Rocks from the Australian Outback dating all the way back to 3.5 billion years may help scientists determine whether life ever existed on Mars. Only ancient microbes, according to researchers studying the Australian rocks, could have shaped them the way they are.

They recommend that NASA’s Perseverance rover look for resemblances when uncovering rocks of similar age on Mars. The wheeled robot is searching for proof that biology established itself on Mars early in its history.

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Scientists from the Natural History Museum (NHM) in London, in collaboration with NASA, have described a variety of large and small features in a sequence of domes in Western Australia that seem to have been created by ancient microbes. They don’t have any microbe fossils or organic (carbon-rich) compounds that could be evidence of past life. The NHM-led team, on the other hand, believes it has identified signatures denoting the rocks’ biological origin.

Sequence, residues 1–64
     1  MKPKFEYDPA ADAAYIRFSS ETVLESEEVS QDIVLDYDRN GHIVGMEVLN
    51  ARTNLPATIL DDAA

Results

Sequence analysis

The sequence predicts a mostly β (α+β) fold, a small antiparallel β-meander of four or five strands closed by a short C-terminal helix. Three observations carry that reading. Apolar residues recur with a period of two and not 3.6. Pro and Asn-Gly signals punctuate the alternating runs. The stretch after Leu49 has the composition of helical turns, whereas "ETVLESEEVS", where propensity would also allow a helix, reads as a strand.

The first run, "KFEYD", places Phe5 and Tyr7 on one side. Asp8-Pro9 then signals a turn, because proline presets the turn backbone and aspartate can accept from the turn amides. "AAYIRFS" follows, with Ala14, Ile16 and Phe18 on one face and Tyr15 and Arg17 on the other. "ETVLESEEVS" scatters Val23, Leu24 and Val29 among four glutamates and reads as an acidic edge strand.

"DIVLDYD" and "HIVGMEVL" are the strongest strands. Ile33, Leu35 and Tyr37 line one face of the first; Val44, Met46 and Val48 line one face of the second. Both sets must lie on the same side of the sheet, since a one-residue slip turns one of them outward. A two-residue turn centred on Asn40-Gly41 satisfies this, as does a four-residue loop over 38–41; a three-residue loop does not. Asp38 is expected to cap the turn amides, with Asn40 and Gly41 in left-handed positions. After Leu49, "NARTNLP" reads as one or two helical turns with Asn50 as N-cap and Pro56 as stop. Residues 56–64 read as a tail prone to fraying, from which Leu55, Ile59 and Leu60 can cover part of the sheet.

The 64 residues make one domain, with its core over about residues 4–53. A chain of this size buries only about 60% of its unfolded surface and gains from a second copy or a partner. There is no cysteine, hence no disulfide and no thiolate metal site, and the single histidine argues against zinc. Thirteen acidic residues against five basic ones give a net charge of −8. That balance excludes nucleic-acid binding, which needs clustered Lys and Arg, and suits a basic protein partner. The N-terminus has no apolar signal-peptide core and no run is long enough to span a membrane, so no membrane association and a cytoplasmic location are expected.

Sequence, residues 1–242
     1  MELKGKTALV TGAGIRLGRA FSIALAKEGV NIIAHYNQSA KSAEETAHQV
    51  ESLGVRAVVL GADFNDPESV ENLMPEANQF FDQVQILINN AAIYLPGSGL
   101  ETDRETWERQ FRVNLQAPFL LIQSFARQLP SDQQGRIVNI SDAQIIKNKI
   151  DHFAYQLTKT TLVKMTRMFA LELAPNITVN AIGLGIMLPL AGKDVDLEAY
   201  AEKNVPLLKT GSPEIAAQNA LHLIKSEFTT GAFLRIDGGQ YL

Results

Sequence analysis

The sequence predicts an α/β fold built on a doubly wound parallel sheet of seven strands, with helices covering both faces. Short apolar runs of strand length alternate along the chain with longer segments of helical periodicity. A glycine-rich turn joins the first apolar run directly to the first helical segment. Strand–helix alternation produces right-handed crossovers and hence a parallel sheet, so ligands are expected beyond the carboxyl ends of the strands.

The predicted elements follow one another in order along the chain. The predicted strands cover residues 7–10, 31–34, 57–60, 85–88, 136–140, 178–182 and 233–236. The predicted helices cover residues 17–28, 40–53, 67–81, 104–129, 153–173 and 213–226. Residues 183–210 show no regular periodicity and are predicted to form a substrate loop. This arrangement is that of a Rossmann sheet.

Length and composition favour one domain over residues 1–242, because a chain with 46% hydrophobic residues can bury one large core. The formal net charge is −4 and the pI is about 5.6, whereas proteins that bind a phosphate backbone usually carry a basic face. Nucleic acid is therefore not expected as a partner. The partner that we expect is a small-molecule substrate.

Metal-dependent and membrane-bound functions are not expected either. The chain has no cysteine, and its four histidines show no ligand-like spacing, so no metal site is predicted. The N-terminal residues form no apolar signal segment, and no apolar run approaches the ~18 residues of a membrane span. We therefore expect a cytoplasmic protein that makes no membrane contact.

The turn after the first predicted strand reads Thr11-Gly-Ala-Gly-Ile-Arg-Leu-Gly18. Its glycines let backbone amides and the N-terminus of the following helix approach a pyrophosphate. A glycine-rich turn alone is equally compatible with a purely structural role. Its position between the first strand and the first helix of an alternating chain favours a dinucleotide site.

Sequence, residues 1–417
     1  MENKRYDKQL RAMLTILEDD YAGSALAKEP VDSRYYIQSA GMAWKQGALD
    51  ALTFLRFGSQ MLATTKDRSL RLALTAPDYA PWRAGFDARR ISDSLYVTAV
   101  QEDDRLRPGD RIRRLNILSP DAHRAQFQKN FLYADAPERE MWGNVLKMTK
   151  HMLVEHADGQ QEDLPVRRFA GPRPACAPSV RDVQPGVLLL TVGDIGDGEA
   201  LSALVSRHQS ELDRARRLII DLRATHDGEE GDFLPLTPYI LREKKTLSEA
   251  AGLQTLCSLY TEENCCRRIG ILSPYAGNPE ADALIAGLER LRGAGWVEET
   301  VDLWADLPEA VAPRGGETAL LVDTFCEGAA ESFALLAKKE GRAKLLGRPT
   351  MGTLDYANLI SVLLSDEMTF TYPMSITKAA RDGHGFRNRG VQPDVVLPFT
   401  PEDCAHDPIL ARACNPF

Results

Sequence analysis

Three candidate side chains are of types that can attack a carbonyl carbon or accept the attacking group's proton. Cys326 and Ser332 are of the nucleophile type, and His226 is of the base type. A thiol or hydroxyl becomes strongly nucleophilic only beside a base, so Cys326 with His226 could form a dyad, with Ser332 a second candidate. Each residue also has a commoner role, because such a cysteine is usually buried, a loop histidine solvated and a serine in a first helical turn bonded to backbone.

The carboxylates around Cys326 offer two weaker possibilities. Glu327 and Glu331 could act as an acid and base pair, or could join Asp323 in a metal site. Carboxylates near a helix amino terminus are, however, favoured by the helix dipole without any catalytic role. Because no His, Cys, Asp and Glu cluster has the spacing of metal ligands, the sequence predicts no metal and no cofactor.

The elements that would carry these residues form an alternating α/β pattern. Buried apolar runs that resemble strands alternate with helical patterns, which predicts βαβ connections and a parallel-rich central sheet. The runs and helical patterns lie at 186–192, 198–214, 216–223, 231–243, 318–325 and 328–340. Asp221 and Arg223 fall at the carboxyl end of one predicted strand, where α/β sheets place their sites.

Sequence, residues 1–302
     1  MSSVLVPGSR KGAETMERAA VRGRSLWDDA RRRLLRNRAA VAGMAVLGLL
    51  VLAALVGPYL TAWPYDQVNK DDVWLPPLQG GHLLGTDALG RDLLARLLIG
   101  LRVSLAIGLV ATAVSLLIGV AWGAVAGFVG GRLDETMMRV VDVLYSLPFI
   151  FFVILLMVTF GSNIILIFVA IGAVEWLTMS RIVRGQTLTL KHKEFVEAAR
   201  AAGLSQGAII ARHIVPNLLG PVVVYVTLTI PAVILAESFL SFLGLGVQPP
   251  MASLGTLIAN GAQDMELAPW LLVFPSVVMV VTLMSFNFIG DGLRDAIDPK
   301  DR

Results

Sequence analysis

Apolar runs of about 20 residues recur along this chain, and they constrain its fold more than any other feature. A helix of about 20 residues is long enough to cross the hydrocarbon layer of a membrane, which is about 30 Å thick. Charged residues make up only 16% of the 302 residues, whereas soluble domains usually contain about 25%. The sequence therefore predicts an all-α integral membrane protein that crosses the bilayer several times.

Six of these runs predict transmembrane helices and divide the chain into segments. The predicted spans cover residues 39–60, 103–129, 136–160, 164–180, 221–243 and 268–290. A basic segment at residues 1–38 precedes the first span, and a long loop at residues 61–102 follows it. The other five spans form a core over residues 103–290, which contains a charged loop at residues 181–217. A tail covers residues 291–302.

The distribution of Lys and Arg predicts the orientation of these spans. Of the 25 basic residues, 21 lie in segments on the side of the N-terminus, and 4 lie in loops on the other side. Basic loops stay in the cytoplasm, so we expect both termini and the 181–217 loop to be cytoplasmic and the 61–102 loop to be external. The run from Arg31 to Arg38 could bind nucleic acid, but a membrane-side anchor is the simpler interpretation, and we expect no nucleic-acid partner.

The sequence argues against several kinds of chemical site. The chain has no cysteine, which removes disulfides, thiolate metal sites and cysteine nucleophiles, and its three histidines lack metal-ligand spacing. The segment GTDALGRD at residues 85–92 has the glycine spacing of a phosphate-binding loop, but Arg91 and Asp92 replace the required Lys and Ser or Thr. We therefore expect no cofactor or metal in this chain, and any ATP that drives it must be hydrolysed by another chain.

Perseverance is examining a large crater called Jezero and is expected to come across locations next year that may exhibit phenomena similar to those seen in Earth rocks.

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The researchers used a wide range of high-resolution analytical and graphic methods to characterize frameworks whose presence, they argue, can only be revealed by life’s activity rather than something that might naturally occur in the environment.

The rippling upper portion of stromatolites, which forms as photosynthesizing microbes grow towards the light, is one large-scale feature. The undulations appear because biology does not grow at a uniform rate in three dimensions. 

Microscopically, tiny columns or pillars within the rock hint at the links between the specific “mats” of microbes that create the stromatolites.

“The biological structures found in the Dresser Formation are known as stromatolites, which are the preserved remains of ‘microbial mats’ stacked on top of one another. These mats form when communities of bacteria and other microbes secrete sticky substances that bind them together,” the Natural History Museum in the UK said in a press release. Dr. Keyron Hickman-Lewis of the museum was part of the study, which has been published in the journal Geology

Hickman-Lewis, a paleontologist, said, “If an archaeologist discovered the foundations of a ruined city, they would nonetheless know it was built by people because it would bear all the hallmarks of being built by people – doorways and roads and bricks.”